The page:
Saturday afternoon Sarah Beth Goncarovs, who is 9 years old, will take her place behind an immense Yamaha concert grand to perform a Mozart concerto with the Alexandria Symphony.

Although she has played with youth and chamber orchestras on five previous occasions, this is the first time that Sarah Beth, who lives near Alexandria with her parents, Susan and Valdis, will appear with a full-fledged adult symphony orchestra. If the past is any indication, she will be quite comfortable in the role.

"She has kind of been an adopted child of the Alexandria Symphony for years and has played for our guild. I am delighted that we have an opportunity to collaborate, especially in a family concert," said conductor Kim Allen Kluge. The concerto will be featured in the symphony's first family concert, to be held at 5:30 p.m. at T.C. Williams High School.

"There will be a lot of {Sarah Beth's} peers in the audience," Kluge said. "She is a great role model -- very conscientious, and she really cares about her physical approach to the piano."

Kluge said he approached his young guest much the same as he would any guest artist. "My relationship with her was identical with any guest artist. We have a meeting, I hear her play. And then we have a discussion. She certainly was not intimidated by me in any way. She's very gifted, very musical and so endearing."

Shy, composed and undeniably endearing with her sad, dark eyes, Sarah Beth sat on her living room couch last weekend and talked quietly about herself and her music. While she talked, she worked methodically on a perfectly crafted green needlepoint tissue box decorated with black cats and pink bows. "I've been making boxes and purses," she said, and pointed to a small "bone box" that she created for the family dog, Broccoli.

She talked about her best friends, Joshua and Brenna, who live close by. She talked about sleep-overs, where "we get to bed around 11, unless it is one of my other friends like I'm making this box for, it's usually 1 or 2 -- she's pretty talkative." And about favorite toys. "I'm a Lego maniac," she said with a giggle.

Reading is also important. "My favorite book is 'Matilda' by Roald Dahl. 'Witches' is a very good book too. I'm trying to read everything he wrote." Other books? " 'Charlie and the Chocolate Factory,' and I like Sherlock Holmes. My favorite is 'The Speckled Band.' I read it every six months."

As for watching TV: "Not much. I'm usually doing something, working on needlepoint or watching a movie." There is a fine but critical distinction between TV and videotape. "The week I wanted to be an archaeologist, I watched Indiana Jones all the time."

And playing with her 3-year-old sister, Annie? "I don't like that."

"Ain't got a choice," piped in mom from the kitchen.

Susan Goncarovs said that her daughter's interest in the piano began when she herself started taking lessons as an adult. Four-year-old Sarah Beth asked her mom to write numbers on her fingers so she could find the notes. "Musicianship is in my family, but not the discipline. Sarah Beth has the discipline."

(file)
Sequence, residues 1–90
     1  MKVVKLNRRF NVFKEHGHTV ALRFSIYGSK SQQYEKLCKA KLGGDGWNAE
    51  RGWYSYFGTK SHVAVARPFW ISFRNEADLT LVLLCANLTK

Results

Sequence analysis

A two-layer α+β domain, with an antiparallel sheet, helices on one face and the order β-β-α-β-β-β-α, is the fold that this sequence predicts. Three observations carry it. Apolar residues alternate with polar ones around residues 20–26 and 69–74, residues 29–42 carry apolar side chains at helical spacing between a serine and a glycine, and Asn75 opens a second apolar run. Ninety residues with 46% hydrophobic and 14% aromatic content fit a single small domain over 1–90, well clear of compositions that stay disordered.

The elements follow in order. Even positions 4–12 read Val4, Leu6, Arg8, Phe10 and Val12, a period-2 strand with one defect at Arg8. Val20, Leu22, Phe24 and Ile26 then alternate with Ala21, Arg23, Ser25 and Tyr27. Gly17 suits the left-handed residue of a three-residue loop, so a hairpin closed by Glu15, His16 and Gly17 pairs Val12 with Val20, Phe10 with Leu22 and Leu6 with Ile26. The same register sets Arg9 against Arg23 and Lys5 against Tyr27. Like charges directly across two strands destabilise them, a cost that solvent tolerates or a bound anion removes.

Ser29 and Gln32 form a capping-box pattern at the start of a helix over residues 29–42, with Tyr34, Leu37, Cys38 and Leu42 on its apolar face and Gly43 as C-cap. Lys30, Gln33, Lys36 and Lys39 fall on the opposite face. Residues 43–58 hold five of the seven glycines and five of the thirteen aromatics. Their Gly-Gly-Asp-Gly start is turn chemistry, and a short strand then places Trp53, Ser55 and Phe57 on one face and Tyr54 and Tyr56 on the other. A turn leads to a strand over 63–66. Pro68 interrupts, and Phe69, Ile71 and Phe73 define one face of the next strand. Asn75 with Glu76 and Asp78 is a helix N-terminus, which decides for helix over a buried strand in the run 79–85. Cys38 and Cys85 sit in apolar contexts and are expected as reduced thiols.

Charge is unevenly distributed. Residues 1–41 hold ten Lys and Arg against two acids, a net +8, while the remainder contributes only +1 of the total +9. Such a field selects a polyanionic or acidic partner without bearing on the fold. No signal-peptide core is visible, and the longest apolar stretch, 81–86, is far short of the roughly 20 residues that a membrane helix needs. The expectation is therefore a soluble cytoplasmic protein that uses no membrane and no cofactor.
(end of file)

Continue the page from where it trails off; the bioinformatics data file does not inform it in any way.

When asked, Sarah Beth played a favorite piece, "Birds," by Seymour Bernstein. "Each piece in the whole book is a different bird," she explained. She played from memory and with a confidence based on plenty of experience. Her physical gestures at the piano were fluid, graceful and totally in tune with varying moods of the eight short compositions.

Does she ever get nervous when she performs? "In concert I'd say it's kind of nervous," she admitted, and then explained what she does about it. "I think that there's only one person -- one person is the audience. I play better for one person." A sophisticated solution. Then she added, almost as an aside, "Sometimes vice versa, I don't know."

Sarah Beth, a fifth-grader in the gifted and talented program at Belvedere Elementary School in Falls Church, has been studying for five years with teacher Rosita Kerr Mang, and practices "one or two hours a day." It is a revealing number, not much more than the average child might practice and not nearly as much as a single-minded, single-talented Wunderkind would. And sometimes, just like most kids, mom has to remind her.

Mang described what makes this pupil special. "Whenever I think of a student, I look at their natural body. Sarah Beth was built to play the piano. She has wonderful tone-pads {on her fingertips}, a roundness and an elegance and a strong upper body. As a teacher, I look for natural dexterity -- it's either there or it isn't -- and she has it.

"And what I find fascinating at 9 is that she has this wonderful ear for color and dynamics. This is pretty special. She is elegant, aristocratic and so tasteful -- she is even tasteful in her clothes."

Mang encourages all her students to play in public and to enter competitions. Sarah Beth is a first-prize winner of the Washington Music Teachers Association Hartman Piano Performance Award and the Springfield Music Club Ramberg Competition, as well as a past winner of the club's Leetsma Competition. She has given a solo recital for the Lyceum Concert Series in Alexandria and was the guest artist of the 1989 Virginia Federation of Music Clubs annual convention in Norfolk. She will appear with the McLean Youth Orchestra next July.

Teacher Mang offered two words to sum up the musical personality of Sarah Beth Goncarovs: "Intimate warmth. But it doesn't come out because she's shy. She doesn't fill a room -- her music does."